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May 27, 2014
Dan Morain: John Vasconcellos offers wisdom for today's legislators

John_Vasconcellos.JPG(May 27 - By Dan Morain, Editorial Page Editor)

John Vasconcellos was not one to scare easily, as Don Novey found in 1992 when the prison officers union he led spent what for the time was a huge sum of money to unseat Vasco.

"We knew he was going to win. That was a given," Novey said. But Novey had multiple reasons for what he did.

"I made 119 other friends," Novey said, a reference to the remaining California legislators who witnessed what might befall them if they crossed the California Correctional Peace Officers Association.

If Vasconcellos wavered in his positions on issues - prisons, welfare, weed, self-esteem, whatever - it wasn't evident to me or to the people who knew him best. Today's legislators, the ones who think they have a future, think they risk their careers if they cross any of the dozens of interest groups that do business in the Capitol.

Vasconcellos, who died Saturday at age 82, termed out of the Legislature a decade ago. No one filled his shoes.

He was the smartest guy in almost any room, and a numbers and policy wonk who presided for 15 years over the state budget, the most complicated legislation of any year. He was the father of California Peace Day, not one his lasting legacies.

He was a Brown Democrat, Pat Brown, that is, having started out in 1960 as an aide to Gov. Jerry Brown's dad. Vasco was elected to the Assembly in 1967 from the Silicon Valley, back when it was known for its prune orchards.

When I first got to know him in 1993, he had a poster on his Capitol office spelling out the dictionary definition of idealist. He was a nonconformist and a liberal, and a curmudgeon who flipped off a Republican who had annoyed him on the Assembly floor during an especially acrimonious time in 1995.

Assemblywoman Paula Boland complained that when she asked that he apologize, he replied: "You got what you deserved."

Most politicians are blow-dried, sharply creased and silver-tongued. Vasco was shaggy, rumpled and mumbled unintelligibly.

He fought for tax credits for low-income renters, increased welfare payments and more money for public schools.

He also understood who brought him to the Sacramento dance, becoming an early proponent of the research and development tax credit, which is California's largest corporate tax break, $2.2 billion a year. Silicon Valley companies are the beneficiaries.

Vasconcellos was an unabashed supporter of providing clean hypodermic needles to junkies to stop the spread of HIV, and he is the architect of what could loosely be called a regulatory scheme for medical marijuana, the bill numbered SB 420.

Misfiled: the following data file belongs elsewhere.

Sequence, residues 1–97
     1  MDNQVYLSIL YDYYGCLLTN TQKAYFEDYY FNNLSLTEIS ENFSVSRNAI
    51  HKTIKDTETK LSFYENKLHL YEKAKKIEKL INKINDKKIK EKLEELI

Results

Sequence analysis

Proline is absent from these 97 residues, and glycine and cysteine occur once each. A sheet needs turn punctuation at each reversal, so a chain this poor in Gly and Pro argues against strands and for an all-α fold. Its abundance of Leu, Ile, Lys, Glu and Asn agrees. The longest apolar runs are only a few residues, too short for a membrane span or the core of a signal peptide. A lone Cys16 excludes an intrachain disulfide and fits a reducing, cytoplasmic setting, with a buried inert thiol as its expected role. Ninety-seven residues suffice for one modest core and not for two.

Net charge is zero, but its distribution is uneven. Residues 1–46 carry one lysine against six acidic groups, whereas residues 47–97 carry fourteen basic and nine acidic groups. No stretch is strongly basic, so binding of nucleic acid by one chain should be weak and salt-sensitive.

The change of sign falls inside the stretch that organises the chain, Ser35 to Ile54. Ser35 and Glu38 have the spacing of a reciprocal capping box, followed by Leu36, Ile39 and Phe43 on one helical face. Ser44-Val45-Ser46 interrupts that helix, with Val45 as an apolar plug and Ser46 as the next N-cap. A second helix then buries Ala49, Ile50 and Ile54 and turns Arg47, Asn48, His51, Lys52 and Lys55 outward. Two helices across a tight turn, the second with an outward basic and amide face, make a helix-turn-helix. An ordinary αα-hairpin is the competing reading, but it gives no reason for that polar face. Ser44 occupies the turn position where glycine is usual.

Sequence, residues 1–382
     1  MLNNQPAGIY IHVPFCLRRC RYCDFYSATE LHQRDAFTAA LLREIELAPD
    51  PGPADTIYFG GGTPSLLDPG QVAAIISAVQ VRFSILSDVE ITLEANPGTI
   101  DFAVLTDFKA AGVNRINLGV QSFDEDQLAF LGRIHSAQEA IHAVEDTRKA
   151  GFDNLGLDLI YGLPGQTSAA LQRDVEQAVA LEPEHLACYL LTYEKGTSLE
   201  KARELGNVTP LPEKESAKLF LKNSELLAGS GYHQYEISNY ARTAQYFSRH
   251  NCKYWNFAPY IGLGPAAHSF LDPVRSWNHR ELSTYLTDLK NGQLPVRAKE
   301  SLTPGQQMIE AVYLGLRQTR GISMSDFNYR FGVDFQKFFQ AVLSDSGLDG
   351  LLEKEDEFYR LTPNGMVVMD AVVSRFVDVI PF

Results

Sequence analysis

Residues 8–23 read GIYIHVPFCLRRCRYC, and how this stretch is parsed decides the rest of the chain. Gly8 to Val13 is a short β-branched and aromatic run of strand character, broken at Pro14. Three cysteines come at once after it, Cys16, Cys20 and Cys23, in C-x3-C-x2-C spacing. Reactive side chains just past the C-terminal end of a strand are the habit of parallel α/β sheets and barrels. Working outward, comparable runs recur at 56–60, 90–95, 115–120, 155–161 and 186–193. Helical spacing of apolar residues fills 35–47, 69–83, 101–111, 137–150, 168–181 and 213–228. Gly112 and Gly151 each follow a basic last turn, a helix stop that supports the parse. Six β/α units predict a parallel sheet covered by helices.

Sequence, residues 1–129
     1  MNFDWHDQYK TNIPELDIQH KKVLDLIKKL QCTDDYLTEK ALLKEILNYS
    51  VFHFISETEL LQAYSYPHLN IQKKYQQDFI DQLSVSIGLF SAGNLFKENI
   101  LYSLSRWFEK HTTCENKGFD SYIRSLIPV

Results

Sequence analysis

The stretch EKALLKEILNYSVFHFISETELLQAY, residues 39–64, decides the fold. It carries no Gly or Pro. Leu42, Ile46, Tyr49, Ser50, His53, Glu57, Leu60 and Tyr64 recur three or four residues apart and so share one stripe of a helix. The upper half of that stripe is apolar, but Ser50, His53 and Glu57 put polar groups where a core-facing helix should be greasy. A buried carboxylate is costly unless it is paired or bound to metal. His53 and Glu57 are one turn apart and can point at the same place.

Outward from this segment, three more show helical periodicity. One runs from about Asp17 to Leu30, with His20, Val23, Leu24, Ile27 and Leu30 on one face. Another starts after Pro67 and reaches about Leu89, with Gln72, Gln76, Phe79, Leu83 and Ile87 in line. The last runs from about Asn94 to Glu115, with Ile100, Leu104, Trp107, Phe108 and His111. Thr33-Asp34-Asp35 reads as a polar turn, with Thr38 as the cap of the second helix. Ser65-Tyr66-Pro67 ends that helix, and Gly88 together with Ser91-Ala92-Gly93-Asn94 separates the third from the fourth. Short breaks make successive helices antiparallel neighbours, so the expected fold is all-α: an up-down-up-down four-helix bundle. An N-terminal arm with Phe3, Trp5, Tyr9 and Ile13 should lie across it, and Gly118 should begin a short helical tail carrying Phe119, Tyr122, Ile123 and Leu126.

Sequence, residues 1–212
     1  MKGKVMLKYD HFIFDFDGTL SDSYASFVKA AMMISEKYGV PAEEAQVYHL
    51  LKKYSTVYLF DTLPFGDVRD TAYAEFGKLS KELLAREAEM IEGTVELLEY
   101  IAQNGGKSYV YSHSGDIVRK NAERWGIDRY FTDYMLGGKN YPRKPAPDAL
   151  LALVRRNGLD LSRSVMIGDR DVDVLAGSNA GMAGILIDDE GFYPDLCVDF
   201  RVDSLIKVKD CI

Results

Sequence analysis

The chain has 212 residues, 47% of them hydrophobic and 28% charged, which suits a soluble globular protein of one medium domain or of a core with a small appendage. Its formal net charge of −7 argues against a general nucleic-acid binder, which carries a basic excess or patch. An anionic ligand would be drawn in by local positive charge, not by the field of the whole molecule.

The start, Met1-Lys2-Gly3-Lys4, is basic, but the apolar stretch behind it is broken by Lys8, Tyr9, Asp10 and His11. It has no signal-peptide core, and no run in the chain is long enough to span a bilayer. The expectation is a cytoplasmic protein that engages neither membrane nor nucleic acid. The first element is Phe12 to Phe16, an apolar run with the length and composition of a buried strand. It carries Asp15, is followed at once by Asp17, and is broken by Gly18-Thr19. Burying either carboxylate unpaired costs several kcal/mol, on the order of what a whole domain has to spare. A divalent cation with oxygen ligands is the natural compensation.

And of course, he was the touchy-feeling legislator who in 1986 persuaded not-warm-or-fuzzy Gov. George Deukmejian to sign legislation creating the California Task Force to Promote Self-Esteem, Personal and Social Responsibility.

Garry Trudeau lampooned the self-esteem commission as yet more California lunacy in his "Doonesbury" comic strips, though the high concept went mainstream, an endless source of pride for Vasco.

In 1990, he signed a ballot argument opposing a 1990 prison construction bond. In the 1992 election, Novey decided to make him an example by directing, by my count, $90,000 in union money to help elect a little known opponent, Tim Jeffries.

The amount isn't much by 2014 standards. Vasco won easily. But politicians took notice. The tactic since has become a common part of politics. Interest groups spend five- and six-figure sums to elect politicians who will do their bidding, and unelect politicians who cross them.

Vasco told me that he became "more precise" in his criticism of the prison system, although I didn't notice. He'd regularly denounce state spending on prisons, on prisoner officers' overtime and tough-on-crime bills that added to prison population but did nothing for rehabilitation.

In time, Vasco and Novey, who since retired, reached an understanding. "In John's eyes, there was no dark side. Everything was rainbows," Novey told me Tuesday. "I tried to explain to him there are bad people in the world."

In later years, when he would return from Maui, Vasco on occasion would get in touch with me and offer ideas about how the Legislature could again become a more functional place. I listened to him more than once.

The place has changed.

In Vasco's day, before term limits took hold, politicians knew their districts and voters knew them. Some people might deride that as becoming entrenched. But the good ones - and Vasconcellos was one of the best - used their incumbency to gain freedom from the interests that have come to control Sacramento.

That has been lost and won't be returning any time soon.

Follow Dan Morain on Twitter @danielmorain.



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